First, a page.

As Hong Kong burns, Cathy Pacific Airways fiddles with ‘Sense of Harmony’ cabin improvements

The improved cabin offerings look great, but one could be forgiven for questioning the timing of the airline's public relations staff in announcing the upgrades and its use of "harmony" in the title.


The public relations mavens at Hong Kong’s flagship carrier Cathay Pacific decided Friday (15 November) would be a good day to release the news of the airlines’ improved First Class and Business Class offerings, in a press released called “A Sense of Harmony”. The news was released just a day after the airline cancelled the Association of Asia-Pacific Airlines’ Assembly of Presidents because of the violence that has brought the city to a standstill and a day after a man died after being attacked by anti-government, pro-democracy protesters.

Anti-government protesters tried to block access to Hong Kong International Airport in September after earlier shutting down the airport for two consecutive days in August. (PHOTO: Shutterstock)

“Cathay Pacific is indulging passengers with an elevated premium travel experience. An array of thoughtfully chosen enhancements to the service, soft products and culinary offerings are rolling out on board its First and Business Class cabins. These enrichments are designed to offer passengers a more holistic, sensory experience that begins from the moment they begin their journey,” the airline said in announcing the new product.

Cathay’s new First Class product. (PHOTO: Cathay Pacific)

The problem is, for passengers originating in Hong Kong, the “moment they begin their journey” is when they try to get to the airport which is kilometres away from a city centre that has been roiled by protests for six months, seen three people shot by police, one pro-Beijing resident set on fire by protesters and a 70-year-old man killed Thursday after protesters dropped a brick on his head.

Passengers trying to reach the Hong Kong International Airport in August after anti-government protesters had shut down transport links to the facility. (PHOTO: File)

Not to worry, Cathay seems to believe, as “premium passengers can now enjoy a new, more bespoke First Class customer journey centred on enjoying inspired flavours, calming fragrances and refined textures whenever they travel”. The airline goes on to extol its new “jasmine silver needle tea” in First Class and new bedding in First and Business and new entertainment options in Economy Class.

Former Cathay CEO Rupert Hogg was forced out after China threatened the airline’s business on and over the mainland. (PHOTO: RISE)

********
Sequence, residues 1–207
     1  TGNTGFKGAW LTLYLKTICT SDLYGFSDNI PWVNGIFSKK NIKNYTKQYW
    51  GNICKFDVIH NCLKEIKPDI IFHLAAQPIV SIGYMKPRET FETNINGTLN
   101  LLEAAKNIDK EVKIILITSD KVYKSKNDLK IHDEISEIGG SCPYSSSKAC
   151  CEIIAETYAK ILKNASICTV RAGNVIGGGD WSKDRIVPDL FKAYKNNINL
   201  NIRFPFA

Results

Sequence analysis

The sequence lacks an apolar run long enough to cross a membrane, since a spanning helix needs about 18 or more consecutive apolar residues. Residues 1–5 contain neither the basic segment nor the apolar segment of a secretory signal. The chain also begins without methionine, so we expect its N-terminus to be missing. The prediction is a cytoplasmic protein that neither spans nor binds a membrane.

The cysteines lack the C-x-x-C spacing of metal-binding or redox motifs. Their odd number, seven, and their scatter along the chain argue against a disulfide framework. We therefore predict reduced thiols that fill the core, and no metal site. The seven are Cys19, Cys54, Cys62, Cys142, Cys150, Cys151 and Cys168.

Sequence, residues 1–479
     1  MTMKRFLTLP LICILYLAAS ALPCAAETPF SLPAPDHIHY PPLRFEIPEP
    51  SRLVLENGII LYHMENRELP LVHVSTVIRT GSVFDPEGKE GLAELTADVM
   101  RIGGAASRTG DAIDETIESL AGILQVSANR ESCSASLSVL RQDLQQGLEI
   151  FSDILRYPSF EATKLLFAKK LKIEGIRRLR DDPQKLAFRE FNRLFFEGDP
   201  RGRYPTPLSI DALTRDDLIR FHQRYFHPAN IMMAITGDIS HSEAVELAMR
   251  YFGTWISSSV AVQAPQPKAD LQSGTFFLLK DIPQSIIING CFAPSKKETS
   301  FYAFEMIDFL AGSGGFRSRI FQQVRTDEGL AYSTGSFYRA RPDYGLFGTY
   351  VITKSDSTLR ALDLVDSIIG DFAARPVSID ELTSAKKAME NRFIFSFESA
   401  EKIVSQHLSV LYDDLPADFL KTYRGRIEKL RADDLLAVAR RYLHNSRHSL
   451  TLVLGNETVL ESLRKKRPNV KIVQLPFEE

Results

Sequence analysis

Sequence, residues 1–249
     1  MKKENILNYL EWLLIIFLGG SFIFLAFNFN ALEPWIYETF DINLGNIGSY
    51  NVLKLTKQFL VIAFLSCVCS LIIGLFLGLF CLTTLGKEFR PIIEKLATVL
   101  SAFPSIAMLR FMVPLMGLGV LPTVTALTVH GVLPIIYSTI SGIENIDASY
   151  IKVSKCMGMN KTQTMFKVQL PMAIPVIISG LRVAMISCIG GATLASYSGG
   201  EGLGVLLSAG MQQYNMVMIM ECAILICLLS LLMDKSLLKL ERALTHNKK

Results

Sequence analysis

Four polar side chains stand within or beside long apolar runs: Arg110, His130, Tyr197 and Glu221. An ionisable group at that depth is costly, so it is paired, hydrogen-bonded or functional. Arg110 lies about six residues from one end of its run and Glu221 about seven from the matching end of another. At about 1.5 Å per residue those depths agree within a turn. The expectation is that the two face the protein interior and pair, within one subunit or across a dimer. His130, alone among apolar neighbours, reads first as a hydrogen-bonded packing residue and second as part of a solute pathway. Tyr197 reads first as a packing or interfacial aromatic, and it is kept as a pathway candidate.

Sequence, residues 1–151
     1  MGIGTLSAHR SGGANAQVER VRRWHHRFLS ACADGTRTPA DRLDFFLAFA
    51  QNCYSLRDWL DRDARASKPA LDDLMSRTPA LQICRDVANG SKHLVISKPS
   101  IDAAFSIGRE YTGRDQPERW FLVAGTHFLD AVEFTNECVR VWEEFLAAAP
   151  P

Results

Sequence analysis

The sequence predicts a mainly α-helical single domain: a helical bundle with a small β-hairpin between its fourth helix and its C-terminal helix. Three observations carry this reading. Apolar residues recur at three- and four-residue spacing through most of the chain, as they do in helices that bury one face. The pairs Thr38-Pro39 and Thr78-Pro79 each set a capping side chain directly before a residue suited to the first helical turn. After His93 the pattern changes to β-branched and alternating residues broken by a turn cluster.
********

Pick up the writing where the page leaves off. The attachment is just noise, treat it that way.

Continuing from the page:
Cathay’s choice of “Harmony” might also be mistaken for being ironic, given the airline has itself been caught up in the protests in Hong Kong and felt the heavy hand of Beijing. The airline was forced to backpedal on its claim of neutrality regarding the protests when it said Cathay staff could support or not support protesters on their own time. That stoked the ire of China, which then threatened Cathay’s business, much of which either travels to or over the mainland. The airline’s CEO, chairman, and many other officials were forced out, pilots and cabin crew have been sacked, and those that remain say they are operating under a blanket of fear that if they say one wrong word they too will be out of a job.

Cathay, for its part, ignored those concerns in its  statement, informing the world’s press that “at the heart of Cathay Pacific’s elevated premium experience is a new collaboration with Bamford. The luxury UK lifestyle brand, renowned for its ethical and sustainable principles, has designed a range of exclusive amenities, travel kits and plush bedding for the airline’s travellers in both cabins that are certain to delight the senses”.

Cathay says that “at the heart” of the airline’s “elevated premium experience is a new collaboration with Bamford, the luxury UK lifestyle brand, renowned for its ethical and sustainable principles”. (PHOTO: Cathay Pacific)

The improved cabin offerings look great, but one could be forgiven for questioning the timing of the airline’s public relations staff in announcing the upgrades and its use of “harmony” in the title.

But the Cathay PR staff appears not entirely tone deaf to the situation. Following an inquiry from AAV, the Cathay press staff said: “We do not take recent events in Hong Kong lightly. The past few months have been incredibly challenging for Hong Kong, its people and Cathay Pacific. We recognise that under the circumstances no time is entirely ideal to announce enhancements to our customer experience proposition; however, one thing we have continuously reiterated over recent months has been that, despite current challenges, we have never compromised on our commitment to our customers. We feel it is important that we continue to remind our customers and stakeholders of that fact. We sincerely hope that the situation in Hong Kong can be resolved swiftly and peacefully, and that society as a whole can get back on track as soon as possible.”

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Matthew Driskill is the Editor of Asian Aviation and is based in Cambodia. He has been an Asia-based journalist and content producer since 1990 for outlets including Reuters and the International Herald Tribune/New York Times and is a former president of the Foreign Correspondents Club of Hong Kong. He frequently appears on international broadcast outlets like CNN, Al Jazeera and the BBC and has taught journalism at Hong Kong University and the American University of Paris. Driskill has received awards from the Associated Press for Investigative Reporting and Business Writing and in 1989 was named the John J. McCloy Fellow by the Graduate School of Journalism at Columbia University in New York where he earned his Master's Degree.


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